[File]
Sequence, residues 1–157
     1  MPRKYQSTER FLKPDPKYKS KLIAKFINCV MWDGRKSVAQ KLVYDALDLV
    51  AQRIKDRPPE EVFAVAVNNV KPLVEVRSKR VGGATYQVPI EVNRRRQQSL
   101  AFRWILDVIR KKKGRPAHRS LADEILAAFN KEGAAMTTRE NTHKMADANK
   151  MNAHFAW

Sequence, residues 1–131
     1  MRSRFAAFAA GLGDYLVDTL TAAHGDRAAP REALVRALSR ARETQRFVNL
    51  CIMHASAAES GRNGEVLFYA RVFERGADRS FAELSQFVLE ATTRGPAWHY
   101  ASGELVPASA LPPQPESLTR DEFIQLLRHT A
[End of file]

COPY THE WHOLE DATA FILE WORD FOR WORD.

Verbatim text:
Sequence, residues 1–157
     1  MPRKYQSTER FLKPDPKYKS KLIAKFINCV MWDGRKSVAQ KLVYDALDLV
    51  AQRIKDRPPE EVFAVAVNNV KPLVEVRSKR VGGATYQVPI EVNRRRQQSL
   101  AFRWILDVIR KKKGRPAHRS LADEILAAFN KEGAAMTTRE NTHKMADANK
   151  MNAHFAW

Sequence, residues 1–131
     1  MRSRFAAFAA GLGDYLVDTL TAAHGDRAAP REALVRALSR ARETQRFVNL
    51  CIMHASAAES GRNGEVLFYA RVFERGADRS FAELSQFVLE ATTRGPAWHY
   101  ASGELVPASA LPPQPESLTR DEFIQLLRHT A